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Hallwalls Science & Art Cabaret Looks at Holograms

The Real Thing

On Monday morning a video emerged online of rapper Snoop Dogg performing onstage next to Tupac Shakur at the Coachella Festival, which took place over the weekend in Indio, California. Shakur rose up through the floor of the stage, gave a shout-out to Snoop Dogg, then looked toward the crowd and said “What up, Coachella?” before performing “Hail Mary”—the rapper’s final single before his death.

Shakur was murdered in 1996, at the age of 25. The Shakur that mesmerized the crowd at Cochella, was not an imposter or a video image; it was a hologram. That’s right, a state-of-the-art, actual-sized, Princess Leia-like hologram. Reactions on Twitter to the performance have ranged from disbelief, to fear, excitement, and pure curiosity. “That Pac Hologram haunted me in my sleep,” tweeted QuestLove of the Roots, while singer Katy Perry said, “I think I might have cried when I saw Tupac.” One shocked Twitter user watching from home tweeted: “The holograms have arrived, I repeat, the holograms have arrived.”

Holography is not a new idea, of course: Jules Verne hinted at a similar concept in his 1893 novel Carpathian Castle; the Jetsons watched holographic televisions in the 1962 cartoon series; and George Lucas inserted a hologram of Princess Leia into R2D2 in Star Wars in 1977. What is new is that the technology to create a realistic-looking hologram now exists, and though the Shakur hologram was not the first time an actual hologram has been presented in the realm of entertainment, the demonstration at Coachella—aside from being impressive—has been the most far-reaching due to social networking.

On Wednesday, April 25, Hallwalls hosts the eighth installment of its Science & Art Cabaret series, and as luck would have it, the subject is holograms.

A hologram is a three-dimensional image formed by the interference of light beams from a laser. In 1947 a British scientist named Dennis Gabor developed a theory of holography but he wasn’t able to put his theory to the test because the laser beam hadn’t been invented yet. In 1960 the laser beam became a reality, and two years later, Emmett Leith and Juris Upatnieks of the University of Michigan used it to successfully put Gabor’s theory to the test.

The image of Shakur we saw walking around on stage and trading rap verses with Snoop Dogg was a little more complex than those intial efforts, explains Doug Borzynski, a facilitator of learning at the Buffalo Museum of Science. Borzynski will present his own holographic image at the Science & Art Cabaret.

“It was really a two-dimensional image, not exactly like Princess Leia’s ‘Help me, Obi Wan’ image,” Borzynski said.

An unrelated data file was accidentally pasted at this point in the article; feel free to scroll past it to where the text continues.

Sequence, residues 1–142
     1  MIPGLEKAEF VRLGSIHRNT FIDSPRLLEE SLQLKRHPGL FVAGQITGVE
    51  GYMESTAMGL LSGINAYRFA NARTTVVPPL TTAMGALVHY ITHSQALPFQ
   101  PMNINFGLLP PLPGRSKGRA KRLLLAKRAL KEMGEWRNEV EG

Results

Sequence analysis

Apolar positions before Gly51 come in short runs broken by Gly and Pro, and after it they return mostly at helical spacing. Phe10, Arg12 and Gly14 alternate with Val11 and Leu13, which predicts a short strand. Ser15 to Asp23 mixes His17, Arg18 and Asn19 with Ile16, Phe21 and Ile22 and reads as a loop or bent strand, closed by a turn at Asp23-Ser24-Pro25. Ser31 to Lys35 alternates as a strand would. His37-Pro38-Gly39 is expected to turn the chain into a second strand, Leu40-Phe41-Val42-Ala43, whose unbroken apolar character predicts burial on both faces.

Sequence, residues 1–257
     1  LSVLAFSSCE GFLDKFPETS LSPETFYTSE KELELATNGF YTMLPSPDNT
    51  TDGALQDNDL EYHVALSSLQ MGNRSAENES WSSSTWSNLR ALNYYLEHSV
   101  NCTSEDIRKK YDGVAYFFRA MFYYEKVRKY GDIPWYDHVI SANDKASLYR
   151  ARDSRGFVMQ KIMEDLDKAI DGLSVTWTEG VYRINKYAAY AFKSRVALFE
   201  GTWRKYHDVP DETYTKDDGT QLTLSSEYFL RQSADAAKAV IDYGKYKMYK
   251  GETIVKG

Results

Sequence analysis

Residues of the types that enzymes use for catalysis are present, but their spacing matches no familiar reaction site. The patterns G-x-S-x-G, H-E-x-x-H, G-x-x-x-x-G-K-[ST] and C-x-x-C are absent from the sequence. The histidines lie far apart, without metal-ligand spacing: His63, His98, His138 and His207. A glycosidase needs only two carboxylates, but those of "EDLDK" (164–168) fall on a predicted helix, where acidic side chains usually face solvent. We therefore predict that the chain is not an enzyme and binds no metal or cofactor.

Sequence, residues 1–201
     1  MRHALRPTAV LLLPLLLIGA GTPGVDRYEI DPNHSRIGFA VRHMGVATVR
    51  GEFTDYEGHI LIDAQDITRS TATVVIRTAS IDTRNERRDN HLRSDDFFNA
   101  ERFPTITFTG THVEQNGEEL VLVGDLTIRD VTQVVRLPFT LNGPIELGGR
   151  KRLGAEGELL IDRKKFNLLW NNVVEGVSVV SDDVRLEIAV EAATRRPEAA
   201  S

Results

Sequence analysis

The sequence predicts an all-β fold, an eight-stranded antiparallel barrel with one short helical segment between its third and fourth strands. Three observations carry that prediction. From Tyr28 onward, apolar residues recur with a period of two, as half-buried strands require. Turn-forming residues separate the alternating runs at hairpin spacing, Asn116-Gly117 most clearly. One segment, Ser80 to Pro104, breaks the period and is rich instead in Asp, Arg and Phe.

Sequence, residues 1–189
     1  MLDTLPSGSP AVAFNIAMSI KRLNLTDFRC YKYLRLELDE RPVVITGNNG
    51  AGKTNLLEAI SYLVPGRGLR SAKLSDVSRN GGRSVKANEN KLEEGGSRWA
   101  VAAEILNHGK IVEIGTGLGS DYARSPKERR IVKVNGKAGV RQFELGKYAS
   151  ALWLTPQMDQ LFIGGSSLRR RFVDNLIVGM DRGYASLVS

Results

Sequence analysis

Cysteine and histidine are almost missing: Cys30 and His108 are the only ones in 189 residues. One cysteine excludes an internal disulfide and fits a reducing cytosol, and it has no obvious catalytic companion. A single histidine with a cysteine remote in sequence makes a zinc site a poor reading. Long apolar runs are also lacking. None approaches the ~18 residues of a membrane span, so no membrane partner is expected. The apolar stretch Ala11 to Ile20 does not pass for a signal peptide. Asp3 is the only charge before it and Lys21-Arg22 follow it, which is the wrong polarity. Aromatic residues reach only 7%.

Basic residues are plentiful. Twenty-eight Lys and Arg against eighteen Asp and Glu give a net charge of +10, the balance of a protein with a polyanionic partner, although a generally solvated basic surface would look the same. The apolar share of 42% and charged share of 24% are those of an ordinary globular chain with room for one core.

A Mylar screen came down just before the performance began, which the audience probably couldn’t see, Borzynski explains. The hologram was projected down onto a piece of glass on the stage and then projected up onto this Mylar film.

“It was impressive to see it walking across the stage,” Borzynski said.

For his presentation at Hallwalls on Wednesday, he will build a small hologram of his own.

“I’ll take a little object, like a Lego spaceman, and then, instead of using sunlight like a normal picture would, I’ll use a red laser light,” he said.

The laser will deflect off of the object and also off of a photographic plate, creating a three-dimensional image of the object.

Though the process of taking a holographic photo might seem very foreign to most people, all that is needed is a kit that can be ordered on Amazon for around $100.

Of course, the image of Shakur performing onstage cost a little bit more than that.

“I imagine that the hologram at Coachella cost in the millions to make,” Borzynski said.

The cost to create such holograms will inevitably decrease as the technology progresses, stirring up a conversation about the seemingly endless possibilities that holograms could provide.

“Imagine an institution like mine, the Buffalo Museum of Science, where we have all of these collection pieces,” Borzynski said. “What if I was able to scan my rarest pieces with some kind of 3D scanner, and put that through a computer rendering system so that you could download the file? You could have a virtual museum anywhere you want.”

Borzynski will be joined at Hallwalls on Wednesday by three other presenters who will talk about subjects such as “The Death of Photography,” “Seeing the Sun from a Buffalo Backyard,” and general holographic principles. Admission is free.

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